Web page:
We have an Apache server running a PHP website. The site is an e-commerce shop.

We currently use Barclays as the payment provider but are seeing a lot of customers drop out at the point at which we transfer them to the payment gateway (hosted with Barclays)

I can see specific instances in the shop where orders have been created but not paid/failed but I need to ascertain if the user has definitely left our server (or just failed to reach Barclays).

Is there anything in any of the server/access logs that states when a user transferred to a different domain?

Update When the user clicks on 'Pay now' they are sent to a gateway transfer page which builds a hidden form of the shopping cart details and submits the form (using JS) to Barclays. How do I check the gateway is there before I send them?

  • You can use Google Analytics to track outbound links to another domain - see this for more: webmasters.stackexchange.com/questions/53521/…
    – dan
    Jun 7, 2014 at 7:02
  • This depends on how your site is coded. If the payment link takes them directly to a 3rd party, then you will have no record of this in your logs. Since this event is on the browser side, you would have to use JavaScript's onclick to track it. Alternatively, you could pass them first through a URL redirect script on your server. This would at least record the click and then send a 301 redirect to your payment gateway. Depending on how things are handled, you could first check to see if the gateway responds and then send the 301 or other response as needed. Jun 9, 2014 at 20:07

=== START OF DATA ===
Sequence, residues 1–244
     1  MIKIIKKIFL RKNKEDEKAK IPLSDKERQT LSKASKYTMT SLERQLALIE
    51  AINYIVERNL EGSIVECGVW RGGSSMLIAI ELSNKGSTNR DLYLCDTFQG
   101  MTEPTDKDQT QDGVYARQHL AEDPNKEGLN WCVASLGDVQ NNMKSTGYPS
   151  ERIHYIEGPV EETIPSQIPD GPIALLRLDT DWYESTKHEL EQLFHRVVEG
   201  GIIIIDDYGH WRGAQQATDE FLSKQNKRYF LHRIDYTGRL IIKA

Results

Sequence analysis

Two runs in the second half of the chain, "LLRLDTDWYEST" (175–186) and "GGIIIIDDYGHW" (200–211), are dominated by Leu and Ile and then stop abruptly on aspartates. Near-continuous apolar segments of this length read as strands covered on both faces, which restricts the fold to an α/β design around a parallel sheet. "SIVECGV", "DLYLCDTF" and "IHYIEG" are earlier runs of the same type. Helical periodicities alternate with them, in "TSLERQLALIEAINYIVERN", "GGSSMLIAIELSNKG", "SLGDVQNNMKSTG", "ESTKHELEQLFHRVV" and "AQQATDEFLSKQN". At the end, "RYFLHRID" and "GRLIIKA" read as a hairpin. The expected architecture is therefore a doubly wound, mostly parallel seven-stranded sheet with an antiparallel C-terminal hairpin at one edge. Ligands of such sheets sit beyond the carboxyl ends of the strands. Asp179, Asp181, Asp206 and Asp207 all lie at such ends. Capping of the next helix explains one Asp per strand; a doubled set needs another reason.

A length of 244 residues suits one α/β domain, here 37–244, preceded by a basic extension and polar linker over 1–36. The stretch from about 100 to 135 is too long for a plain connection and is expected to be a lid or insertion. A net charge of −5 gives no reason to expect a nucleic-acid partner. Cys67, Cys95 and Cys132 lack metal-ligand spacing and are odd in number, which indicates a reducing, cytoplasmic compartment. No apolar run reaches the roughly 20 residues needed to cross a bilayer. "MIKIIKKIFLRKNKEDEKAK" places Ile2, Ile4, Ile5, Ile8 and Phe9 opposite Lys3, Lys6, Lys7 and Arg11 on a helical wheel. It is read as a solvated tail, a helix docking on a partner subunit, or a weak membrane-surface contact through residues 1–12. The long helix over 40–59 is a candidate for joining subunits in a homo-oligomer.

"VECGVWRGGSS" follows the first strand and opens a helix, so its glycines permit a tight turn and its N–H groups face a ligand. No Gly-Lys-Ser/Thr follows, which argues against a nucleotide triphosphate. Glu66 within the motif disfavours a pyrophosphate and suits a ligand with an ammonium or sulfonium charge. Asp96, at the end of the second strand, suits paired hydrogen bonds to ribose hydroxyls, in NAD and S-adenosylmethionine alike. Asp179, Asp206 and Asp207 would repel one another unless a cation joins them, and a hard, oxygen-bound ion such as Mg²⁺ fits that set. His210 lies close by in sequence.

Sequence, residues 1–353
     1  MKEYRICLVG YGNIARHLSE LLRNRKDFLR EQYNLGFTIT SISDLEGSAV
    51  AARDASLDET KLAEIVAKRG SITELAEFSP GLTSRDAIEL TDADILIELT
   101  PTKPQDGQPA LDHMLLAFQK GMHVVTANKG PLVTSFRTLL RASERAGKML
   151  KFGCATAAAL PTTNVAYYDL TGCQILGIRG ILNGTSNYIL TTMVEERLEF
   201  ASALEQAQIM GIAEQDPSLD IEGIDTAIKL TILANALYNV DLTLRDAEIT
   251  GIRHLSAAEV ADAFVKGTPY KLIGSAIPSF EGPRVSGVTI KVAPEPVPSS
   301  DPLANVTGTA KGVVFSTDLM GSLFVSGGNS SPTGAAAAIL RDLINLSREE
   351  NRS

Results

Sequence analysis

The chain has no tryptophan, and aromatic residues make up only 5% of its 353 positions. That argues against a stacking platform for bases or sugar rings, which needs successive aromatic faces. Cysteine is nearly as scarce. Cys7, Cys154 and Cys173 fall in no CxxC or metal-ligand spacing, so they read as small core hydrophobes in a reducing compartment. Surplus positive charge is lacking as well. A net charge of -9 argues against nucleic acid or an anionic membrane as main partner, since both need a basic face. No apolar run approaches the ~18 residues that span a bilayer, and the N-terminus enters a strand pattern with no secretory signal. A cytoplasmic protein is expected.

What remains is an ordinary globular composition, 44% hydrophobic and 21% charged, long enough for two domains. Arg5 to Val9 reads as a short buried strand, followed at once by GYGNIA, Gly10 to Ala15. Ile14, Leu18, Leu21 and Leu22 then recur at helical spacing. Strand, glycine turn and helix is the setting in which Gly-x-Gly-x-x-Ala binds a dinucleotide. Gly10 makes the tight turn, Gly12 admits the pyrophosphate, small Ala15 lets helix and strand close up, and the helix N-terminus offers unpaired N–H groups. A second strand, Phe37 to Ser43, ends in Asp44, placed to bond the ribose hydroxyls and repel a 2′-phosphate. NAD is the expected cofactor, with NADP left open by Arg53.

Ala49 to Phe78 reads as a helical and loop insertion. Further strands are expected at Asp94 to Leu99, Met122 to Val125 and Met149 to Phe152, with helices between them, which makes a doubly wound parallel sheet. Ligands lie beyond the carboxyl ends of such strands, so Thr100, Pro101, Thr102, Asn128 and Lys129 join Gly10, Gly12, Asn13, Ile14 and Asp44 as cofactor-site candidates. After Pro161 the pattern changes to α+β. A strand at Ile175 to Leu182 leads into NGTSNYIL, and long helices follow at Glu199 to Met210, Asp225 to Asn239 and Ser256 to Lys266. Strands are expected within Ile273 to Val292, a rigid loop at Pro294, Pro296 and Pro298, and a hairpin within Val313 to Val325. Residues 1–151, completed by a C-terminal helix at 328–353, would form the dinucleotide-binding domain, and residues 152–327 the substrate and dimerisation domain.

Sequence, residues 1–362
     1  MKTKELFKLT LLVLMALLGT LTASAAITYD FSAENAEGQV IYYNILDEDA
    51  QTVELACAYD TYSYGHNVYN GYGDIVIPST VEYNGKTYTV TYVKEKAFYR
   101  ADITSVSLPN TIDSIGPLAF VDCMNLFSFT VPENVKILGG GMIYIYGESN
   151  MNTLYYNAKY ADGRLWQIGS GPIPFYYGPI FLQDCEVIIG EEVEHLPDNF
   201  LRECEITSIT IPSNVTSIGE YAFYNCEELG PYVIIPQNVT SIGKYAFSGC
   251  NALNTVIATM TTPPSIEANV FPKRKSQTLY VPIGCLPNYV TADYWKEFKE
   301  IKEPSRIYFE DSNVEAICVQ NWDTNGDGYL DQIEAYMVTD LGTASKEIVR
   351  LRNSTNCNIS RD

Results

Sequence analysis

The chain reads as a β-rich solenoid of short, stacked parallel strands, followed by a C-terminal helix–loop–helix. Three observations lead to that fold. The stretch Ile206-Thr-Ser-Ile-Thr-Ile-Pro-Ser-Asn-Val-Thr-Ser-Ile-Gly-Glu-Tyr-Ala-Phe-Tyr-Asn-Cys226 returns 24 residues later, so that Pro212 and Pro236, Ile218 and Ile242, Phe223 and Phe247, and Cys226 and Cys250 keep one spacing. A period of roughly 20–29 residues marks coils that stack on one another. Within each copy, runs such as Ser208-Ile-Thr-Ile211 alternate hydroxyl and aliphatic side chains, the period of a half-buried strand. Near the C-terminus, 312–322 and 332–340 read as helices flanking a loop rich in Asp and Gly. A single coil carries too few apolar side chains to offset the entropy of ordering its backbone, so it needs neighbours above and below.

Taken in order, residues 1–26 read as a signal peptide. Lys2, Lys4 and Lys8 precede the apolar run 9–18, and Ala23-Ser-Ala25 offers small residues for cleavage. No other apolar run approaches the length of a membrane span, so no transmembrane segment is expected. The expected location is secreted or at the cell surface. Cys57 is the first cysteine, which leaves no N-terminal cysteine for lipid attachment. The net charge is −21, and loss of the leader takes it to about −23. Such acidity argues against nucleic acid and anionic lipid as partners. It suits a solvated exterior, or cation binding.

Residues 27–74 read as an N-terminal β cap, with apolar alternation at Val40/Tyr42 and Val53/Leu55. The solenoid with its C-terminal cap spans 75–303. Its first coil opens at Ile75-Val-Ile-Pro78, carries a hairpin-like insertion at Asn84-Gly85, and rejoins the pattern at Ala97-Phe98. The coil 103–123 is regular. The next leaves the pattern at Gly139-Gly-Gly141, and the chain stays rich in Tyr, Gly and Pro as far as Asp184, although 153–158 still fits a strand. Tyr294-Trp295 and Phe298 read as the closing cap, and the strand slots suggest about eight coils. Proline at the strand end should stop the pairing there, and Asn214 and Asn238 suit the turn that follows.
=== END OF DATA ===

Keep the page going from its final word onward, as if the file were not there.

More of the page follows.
• I've updated my question @jeffatrackaid
    – Jeepstone
    Jun 10, 2014 at 16:00

2 Answers 2


As a short-term check you could send a list of offending orders to Barclays and ask them to reply with a status for each one. They'll have a record of any transactions that made it to them, and should even be able to tell you how far into the process they made it before dropping off.

Obviously any orders that don't have a matching transaction in Barclays' system are the ones to focus on then. Perhaps you can look for a common pattern amongst those, like browser/OS version or ISP.

Depending on what integration method you're using, there's probably an API with the payment gateway which will let you query transactions on the fly. This is also really helpful to run regularly (as a nightly cronjob perhaps) to identify any orders which may have even been successful but the authorisation/response never made it back to your server after completion.

  • I'm aware that I've answered this more from the transactional standpoint, but I don't think there's a guaranteed way to know if the user actually made it to the destination or not. If somebody can answer that specific question then it should compliment my response quite well. Having different approaches to solve the same problem is always helpful. Jun 5, 2014 at 14:19
  • Thanks Andrew. Apparently they can't see anything hitting their servers for the transactions I'm talking about (I've provided them times, dates and IP addresses). So that means either they don't leave our server, or they drop out in transit. The problem is that if they leave our server, but don't get to Barclays (lets say the server is unavailable) then there will be no record of it anyway.
    – Jeepstone
    Jun 5, 2014 at 16:20

Since your form uses JS, you can run multiple functions from the onClick action. You could first call a script on your server that will run various tests against the remote payment gateway and then if the result is positive, pass back code to redirect the user to the gateway. If the test is failing, then you could send an error message.

This would provide some insight but to be 100% certain you would need to contact your processor for log details as recommended by @Andrew Lott.

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